The Government recognises the particularly invasive nature of burglary and the impact it can have on victims. Whilst police recorded crime statistics for England and Wales showed that burglary had fallen, too many people experience this traumatic crime each year. We are taking a proactive approach to driving down these crimes and have announced a £25m Safer Streets Fund to help prevent these crimes as well as supporting the recruitment of 20,000 new police officers to ensure they have the resources to deal with these crimes when they do occur. We are working to combat burglary in a number of areas, including: making homes more secure, working with the police to examine what more can be done to prevent offenders disposing of stolen goods, and improving the police and wider criminal justice system response.

Kit Malthouse
Minister of State (Ministry of Justice) (jointly with Home Office)
25th May 2021
To ask the Secretary of State for Defence, what steps his Department is taking to upgrade British cyber security capabilities in response to misinformation and wide-scale hacking by malign state sponsored entities.

The Ministry of Defence (MOD) takes cyber security and resilience very seriously and conducts a range of activities to ensure its systems are protected against attack from malign state and non-state actors. As a result of the Integrated Review settlement, the MOD is increasing its already substantial investment in defensive cyber capabilities. These are delivered through three dedicated programmes: Defensive Cyber Operations, Cyber Resilience Programme and the Joint Crypt Key Programme. The MOD continues to work closely with industry and partners across Government, especially the National Cyber Security Centre. To guard against disinformation, Defence provides support to the cross-departmental Counter Disinformation Unit's campaigns. This work is led by the Cabinet Office and the Department for Digital, Culture, Media and Sport.

James Heappey
Parliamentary Under-Secretary (Ministry of Defence)
18th Aug 2021
To ask the Secretary of State for Housing, Communities and Local Government, what his timeframe is for bringing forward legislative proposals to grant freeholders equivalent rights to leaseholders to challenge the reasonableness of service charges for communal areas.

The Government is committed to promoting fairness and transparency for homeowners and ensuring that consumers are protected from abuse and poor service. Where owners of freehold properties pay estate rentcharges it is not appropriate that these homeowners have limited rights to challenge these costs.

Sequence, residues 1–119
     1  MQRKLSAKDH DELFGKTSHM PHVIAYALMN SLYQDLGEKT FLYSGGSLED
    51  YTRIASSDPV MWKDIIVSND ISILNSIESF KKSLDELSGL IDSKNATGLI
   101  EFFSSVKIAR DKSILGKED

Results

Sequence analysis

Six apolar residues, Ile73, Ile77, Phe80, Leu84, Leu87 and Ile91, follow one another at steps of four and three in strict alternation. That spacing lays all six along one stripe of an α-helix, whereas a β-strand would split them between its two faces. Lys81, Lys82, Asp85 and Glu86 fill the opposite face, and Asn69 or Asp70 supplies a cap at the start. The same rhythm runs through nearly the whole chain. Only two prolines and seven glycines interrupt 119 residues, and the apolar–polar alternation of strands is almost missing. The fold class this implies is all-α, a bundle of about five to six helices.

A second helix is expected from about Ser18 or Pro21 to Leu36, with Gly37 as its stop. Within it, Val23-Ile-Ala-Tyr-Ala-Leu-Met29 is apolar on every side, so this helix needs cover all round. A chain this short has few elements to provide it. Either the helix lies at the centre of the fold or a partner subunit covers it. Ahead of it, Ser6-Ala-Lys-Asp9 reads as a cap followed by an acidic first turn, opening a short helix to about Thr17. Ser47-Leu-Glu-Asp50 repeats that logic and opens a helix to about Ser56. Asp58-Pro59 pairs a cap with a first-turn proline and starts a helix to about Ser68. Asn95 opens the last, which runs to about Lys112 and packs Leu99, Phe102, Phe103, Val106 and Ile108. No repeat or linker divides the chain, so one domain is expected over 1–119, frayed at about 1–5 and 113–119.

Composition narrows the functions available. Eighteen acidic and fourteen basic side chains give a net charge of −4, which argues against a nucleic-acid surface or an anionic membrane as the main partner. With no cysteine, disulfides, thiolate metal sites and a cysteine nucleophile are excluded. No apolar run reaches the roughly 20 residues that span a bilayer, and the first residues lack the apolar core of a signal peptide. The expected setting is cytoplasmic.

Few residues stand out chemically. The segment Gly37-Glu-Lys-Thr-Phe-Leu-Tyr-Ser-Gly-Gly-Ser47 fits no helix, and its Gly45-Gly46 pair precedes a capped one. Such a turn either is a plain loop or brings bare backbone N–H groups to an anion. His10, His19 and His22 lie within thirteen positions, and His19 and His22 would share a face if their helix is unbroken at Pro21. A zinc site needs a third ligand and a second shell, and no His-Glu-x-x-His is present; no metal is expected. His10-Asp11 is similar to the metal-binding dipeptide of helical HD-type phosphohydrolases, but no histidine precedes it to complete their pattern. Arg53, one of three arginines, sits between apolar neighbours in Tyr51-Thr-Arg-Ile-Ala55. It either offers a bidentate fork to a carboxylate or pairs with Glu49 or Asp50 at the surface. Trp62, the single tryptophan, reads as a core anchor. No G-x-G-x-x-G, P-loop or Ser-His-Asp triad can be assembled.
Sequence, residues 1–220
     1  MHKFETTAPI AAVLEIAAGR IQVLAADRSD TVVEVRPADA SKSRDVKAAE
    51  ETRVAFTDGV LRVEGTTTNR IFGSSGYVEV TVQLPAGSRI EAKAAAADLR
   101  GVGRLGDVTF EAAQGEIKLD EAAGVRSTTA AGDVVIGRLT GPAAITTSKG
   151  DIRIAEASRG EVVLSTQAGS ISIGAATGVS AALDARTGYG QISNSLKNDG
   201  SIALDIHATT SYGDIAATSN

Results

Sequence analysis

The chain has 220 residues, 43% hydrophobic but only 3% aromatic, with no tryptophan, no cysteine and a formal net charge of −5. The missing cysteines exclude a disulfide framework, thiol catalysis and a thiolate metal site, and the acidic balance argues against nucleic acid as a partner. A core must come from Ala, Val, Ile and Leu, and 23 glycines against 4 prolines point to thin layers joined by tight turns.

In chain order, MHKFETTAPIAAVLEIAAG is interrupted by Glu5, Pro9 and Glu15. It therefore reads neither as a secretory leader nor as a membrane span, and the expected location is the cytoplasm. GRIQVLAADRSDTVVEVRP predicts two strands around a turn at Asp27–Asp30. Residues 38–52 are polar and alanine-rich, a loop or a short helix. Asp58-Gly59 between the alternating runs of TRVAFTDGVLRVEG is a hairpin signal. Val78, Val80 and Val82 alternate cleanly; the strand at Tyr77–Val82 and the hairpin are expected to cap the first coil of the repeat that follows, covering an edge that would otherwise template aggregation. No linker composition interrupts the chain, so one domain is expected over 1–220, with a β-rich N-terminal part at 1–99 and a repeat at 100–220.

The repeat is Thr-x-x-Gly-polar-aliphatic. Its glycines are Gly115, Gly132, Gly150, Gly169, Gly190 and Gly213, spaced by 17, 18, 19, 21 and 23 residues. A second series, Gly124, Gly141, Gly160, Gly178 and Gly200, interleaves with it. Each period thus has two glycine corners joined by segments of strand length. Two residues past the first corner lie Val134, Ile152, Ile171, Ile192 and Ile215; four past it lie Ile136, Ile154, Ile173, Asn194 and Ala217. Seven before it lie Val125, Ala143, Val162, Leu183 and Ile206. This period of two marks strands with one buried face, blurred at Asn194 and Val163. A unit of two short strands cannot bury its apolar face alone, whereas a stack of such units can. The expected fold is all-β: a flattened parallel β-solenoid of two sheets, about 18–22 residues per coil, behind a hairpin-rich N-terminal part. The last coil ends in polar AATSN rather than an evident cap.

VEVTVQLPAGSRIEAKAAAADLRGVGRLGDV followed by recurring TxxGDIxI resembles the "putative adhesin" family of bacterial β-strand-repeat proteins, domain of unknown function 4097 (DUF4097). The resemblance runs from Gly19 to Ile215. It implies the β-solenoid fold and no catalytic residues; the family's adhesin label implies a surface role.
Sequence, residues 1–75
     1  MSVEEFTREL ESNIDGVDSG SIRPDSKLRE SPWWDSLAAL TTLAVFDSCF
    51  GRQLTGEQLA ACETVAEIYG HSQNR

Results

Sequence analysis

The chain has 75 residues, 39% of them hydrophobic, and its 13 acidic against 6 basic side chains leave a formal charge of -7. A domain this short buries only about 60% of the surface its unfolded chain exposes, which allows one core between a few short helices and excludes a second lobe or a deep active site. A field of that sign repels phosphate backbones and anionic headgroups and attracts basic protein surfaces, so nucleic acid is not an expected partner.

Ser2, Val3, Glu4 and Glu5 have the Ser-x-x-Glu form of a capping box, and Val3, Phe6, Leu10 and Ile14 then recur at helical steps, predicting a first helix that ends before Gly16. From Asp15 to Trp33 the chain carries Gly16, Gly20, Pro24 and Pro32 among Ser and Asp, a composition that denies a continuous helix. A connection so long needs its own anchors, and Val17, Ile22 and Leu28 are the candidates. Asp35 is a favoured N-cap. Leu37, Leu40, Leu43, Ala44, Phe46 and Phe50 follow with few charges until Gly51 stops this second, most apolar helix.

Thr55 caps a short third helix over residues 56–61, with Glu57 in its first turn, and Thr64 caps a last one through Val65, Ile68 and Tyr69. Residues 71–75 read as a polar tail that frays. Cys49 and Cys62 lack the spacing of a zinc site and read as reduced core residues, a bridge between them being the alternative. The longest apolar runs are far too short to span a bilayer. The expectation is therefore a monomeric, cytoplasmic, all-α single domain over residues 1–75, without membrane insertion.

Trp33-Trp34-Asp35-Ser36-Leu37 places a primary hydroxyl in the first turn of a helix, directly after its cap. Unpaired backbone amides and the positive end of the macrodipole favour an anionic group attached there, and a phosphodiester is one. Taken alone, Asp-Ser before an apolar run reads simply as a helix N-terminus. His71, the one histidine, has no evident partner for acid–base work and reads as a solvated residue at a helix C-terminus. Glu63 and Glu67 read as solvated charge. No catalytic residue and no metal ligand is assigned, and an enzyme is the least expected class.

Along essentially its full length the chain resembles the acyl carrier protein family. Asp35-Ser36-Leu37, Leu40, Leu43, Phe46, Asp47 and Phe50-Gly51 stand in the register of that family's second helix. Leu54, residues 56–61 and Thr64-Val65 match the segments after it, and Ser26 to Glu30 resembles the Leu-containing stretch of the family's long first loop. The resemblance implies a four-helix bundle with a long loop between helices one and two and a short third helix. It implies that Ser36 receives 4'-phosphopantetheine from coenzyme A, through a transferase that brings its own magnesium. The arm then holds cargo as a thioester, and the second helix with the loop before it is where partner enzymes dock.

That is why the Government will give freeholders on private and mixed tenure estates equivalent rights to leaseholders to challenge the reasonableness of estate rentcharges. We will also consider the option of introducing a Right to Manage for residential freeholders once we have considered the Law Commission’s report and recommendations on changes to the Right to Manage for leaseholders.

In addition, when parliamentary time allows, we will remove the statutory right for owners of rentcharges to take possession or grant a lease of the property in the event of non-payment by the homeowner.

We have introduced legislation to set ground rents on newly created leases to zero in the current session. This will be the first part of major two-part legislation to implement leasehold and Commonhold reforms in this Parliament.

Eddie Hughes
Parliamentary Under Secretary of State (Department for Levelling Up, Housing and Communities)
18th Aug 2021
To ask the Secretary of State for Justice, whether the Government has plans to consult on the use of expert reports in the family court system.

The Government does not have any plans to consult on the use of expert reports in the family court system. There is already legislation in this area which emphasises the independence of experts and the key role of judicial discretion in determining when expert evidence should be put before the court.

Section 13 of the Children and Families Act 2014 makes provision in relation to the control of expert evidence, and of assessments, in children’s proceedings. This legislation is underpinned by detailed rules of court practice and procedure set out in the Family Procedure Rules 2010 and supporting Practice Directions. The Rules and Practice Directions are developed by the Family Procedure Rule Committee (FPRC), working in close conjunction with Government officials. The Committee is made up of judges and legal and lay practitioners all of whom are experts in family law.

The President of the Family Division, Sir Andrew McFarlane, established a working group to identify the scale of the problem of medical expert witness shortages in the family courts, the causes and possible solutions; the final report was published in October 2020. Recently, the Family Justice Council (FJC), a sub-group of the Family Justice Board (FJB), coordinated an event aimed at medical and allied health professions, family lawyers and members of the judiciary to encourage experts to offer their services in family justice system.

The Government, the President of the Family Division, the FJC and the FPRC therefore continue to consider issues in this area as they arise.

Alex Chalk
Solicitor General (Attorney General's Office)
1st Jul 2021
To ask the Secretary of State for Justice, whether he has plans to review the effectiveness of Form A restrictions in protecting third party interests for a tenancy in common.

There are no plans to review the law in this area at present. The Law of Property Act 1925, Land Registration Acts of 1925 and 2002 and the Land Registration Rules set out a clear legal framework and checks and balances for protecting the various interests in registered estates and charges, including those of third party interests.

HM Land Registry publish practice notes which offer guidance on the role and use of Form A and other restrictions, including one on ‘Notices, restrictions and protection of third-party interests’:

https://www.gov.uk/government/publications/notices-restrictions-and-the-protection-of-third-party-interests-in-the-register.

Alex Chalk
Solicitor General (Attorney General's Office)